• where a defendant requests another to publish a comment on a particular topic, the defendant will be liable for any defamation in the comment only to the extent that the publication was made “in pursuance of, and in accordance with, the request” and was not a departure from the request [138]
  • there was no basis in any of the evidence before the primary judge to conclude that by the (then mandatory) invitation to “comment” on their posted stories the appellants intended to publish remarks on anything and everything, however unrelated to the posted story. The “comment” button, which could not have been disabled, was not an invitation to third?party users to write any words about anything. The invitation to comment did not extend to third-party remarks whose connection with the subject matter of the posted story is so remote or tenuous that they could not meaningfully be described as a “comment” on the posted story. The appellants  had no common purpose for the publication of such remarks, which were not, in any meaningful sense, “comments” on the posted story.


Steward noted that concept of knowledge and control intrude into the concept of strict liability:

  • the defence of innocent dissemination [155]
  • in determining whether a person is a subsidiary publisher or subordinate distributor or a first or main distributor [156].
  • knowledge of the content of a defamatory communication is also relevant [157]
  • a lack of control can be relevant in determining whether a person participated in the publication of third?party defamatory material [158]

His Honour highlighted two issues that were determinative being:

  •  a person does not participate in the communication or conveyance of defamatory material merely because, “but for” something they did, there would have been no such communication or conveyance. Not every facilitator of a communication or conveyance of defamatory material is necessarily a participant in its publication [166]
  • some acts that facilitate communication of defamatory material may be “so passive” that they cannot constitute publication of that material [167]

Concepts of passivity, control and prior knowledge of defamatory content may be relevant to a factual determination as to whether a person has participated in the publication of a third party’s defamatory post or comment on Facebook. The mere act of posting by a Facebook page administrator is unlikely to justify, in and of itself, the factual conclusion that the administrator has  participated in the publication of all subsequent responses. More is needed to be a publisher [173]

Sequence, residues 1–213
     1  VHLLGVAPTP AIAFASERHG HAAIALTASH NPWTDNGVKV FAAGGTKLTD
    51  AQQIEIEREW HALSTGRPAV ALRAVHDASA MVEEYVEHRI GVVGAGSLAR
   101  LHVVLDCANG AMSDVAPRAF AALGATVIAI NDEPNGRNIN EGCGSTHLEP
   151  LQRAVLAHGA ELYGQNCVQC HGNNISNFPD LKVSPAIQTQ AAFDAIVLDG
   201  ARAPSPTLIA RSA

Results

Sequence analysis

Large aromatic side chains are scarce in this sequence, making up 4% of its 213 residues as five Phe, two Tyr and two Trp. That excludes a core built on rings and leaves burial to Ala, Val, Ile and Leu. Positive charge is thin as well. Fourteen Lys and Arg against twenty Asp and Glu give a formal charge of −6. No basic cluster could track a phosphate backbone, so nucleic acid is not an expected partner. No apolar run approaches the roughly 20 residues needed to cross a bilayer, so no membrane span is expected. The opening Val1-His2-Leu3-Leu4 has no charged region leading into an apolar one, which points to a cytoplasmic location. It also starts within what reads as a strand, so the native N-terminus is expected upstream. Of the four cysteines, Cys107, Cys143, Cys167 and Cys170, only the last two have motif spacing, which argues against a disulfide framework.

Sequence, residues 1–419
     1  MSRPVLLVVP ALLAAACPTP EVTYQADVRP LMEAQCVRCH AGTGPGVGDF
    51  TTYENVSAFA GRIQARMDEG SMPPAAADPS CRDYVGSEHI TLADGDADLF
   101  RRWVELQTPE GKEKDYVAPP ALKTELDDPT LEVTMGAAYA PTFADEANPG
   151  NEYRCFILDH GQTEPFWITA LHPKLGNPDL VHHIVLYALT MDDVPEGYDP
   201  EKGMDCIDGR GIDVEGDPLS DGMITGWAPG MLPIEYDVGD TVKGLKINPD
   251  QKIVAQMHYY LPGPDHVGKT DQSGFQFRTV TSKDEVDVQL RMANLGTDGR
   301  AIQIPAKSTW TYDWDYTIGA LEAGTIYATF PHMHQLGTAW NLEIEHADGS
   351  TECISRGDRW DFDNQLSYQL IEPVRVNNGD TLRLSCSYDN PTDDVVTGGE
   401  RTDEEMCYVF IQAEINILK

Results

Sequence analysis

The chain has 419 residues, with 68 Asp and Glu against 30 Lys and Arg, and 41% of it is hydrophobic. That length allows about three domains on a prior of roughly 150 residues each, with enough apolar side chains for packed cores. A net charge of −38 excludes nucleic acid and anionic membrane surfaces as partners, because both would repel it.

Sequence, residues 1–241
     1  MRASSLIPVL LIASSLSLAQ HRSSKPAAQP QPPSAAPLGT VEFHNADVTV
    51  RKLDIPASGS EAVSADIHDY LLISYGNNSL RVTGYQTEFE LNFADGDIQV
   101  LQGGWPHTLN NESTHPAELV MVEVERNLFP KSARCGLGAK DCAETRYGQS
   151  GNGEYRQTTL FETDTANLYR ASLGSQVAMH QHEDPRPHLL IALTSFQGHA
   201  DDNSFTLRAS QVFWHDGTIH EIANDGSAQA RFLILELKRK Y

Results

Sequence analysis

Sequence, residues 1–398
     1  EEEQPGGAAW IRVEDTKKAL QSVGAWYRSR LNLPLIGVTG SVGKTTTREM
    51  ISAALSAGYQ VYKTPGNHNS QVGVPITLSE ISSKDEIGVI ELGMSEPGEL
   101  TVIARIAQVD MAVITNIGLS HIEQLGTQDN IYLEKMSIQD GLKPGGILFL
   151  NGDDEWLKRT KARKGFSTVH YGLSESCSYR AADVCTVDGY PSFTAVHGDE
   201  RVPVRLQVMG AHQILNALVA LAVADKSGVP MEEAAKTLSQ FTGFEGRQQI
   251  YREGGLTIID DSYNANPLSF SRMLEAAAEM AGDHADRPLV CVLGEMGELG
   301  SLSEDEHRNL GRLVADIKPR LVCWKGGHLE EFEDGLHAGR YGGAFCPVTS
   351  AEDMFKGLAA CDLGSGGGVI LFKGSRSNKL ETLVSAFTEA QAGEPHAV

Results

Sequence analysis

Different considerations arise if it can be said that the Facebook page administrator procured, provoked or conduced the defamatory third?party response as distinct from any generally responsive posts. In such cases, a factual conclusion of participation in the publication of the defamatory comment is more likely to be justified [174].

Steward stated that the appellants only facilitated the publication of the third?party comments by:

  • creating their own Facebook pages; and
  • by making their own posts

neither of which made the appellants publishers of all third?party comments made on their respective Facebook pages [177]

Save for those posts that procured, provoked or conduced defamatory responses,  the appellants’ posts were  insufficiently connected to all the third-party comments made thereafter ito justify a conclusion that the appellants participated in their publication; the appellants’ posts cannot be characterised as “instrumental [179]


The majority took quite an orthodox view regarding both the concept of publication and the limited circumstances where the defence of innocent dissemination was available to the publisher.  As a consequence it is now clear that a pubisher can be held responsible for comments left by readers.  That will have a significant impact on the willingness or otherwise of media organisations to have a comment function.  Of course it is not uncommon to have moderators on Facebook and other social platform to edit or no publish comments.  It has been long the practice at News Limited for some stories not to have comments while others are moderated.  In that sense Chris Merritt’s complaint in the Australian that The trolls will no longer have to be held to account is a bit overblown. News Limited has developed policies to deal with trolls on its sites but now complains that a similar approach will have to happen on Facebook.  The Wall Street Journal has also taken an interest with Australia’s Top Court Finds Media Companies Liable for Other People’s Facebook Comments.

This decision has been described as having significant impact on the use of social media.  That is doubtful.  Some sites already moderate comments.  Similarly the court was not prepared to adopt the more generous and flexible exercise proposed by Edelman and Steward in determining whether a social media platform was a publisher.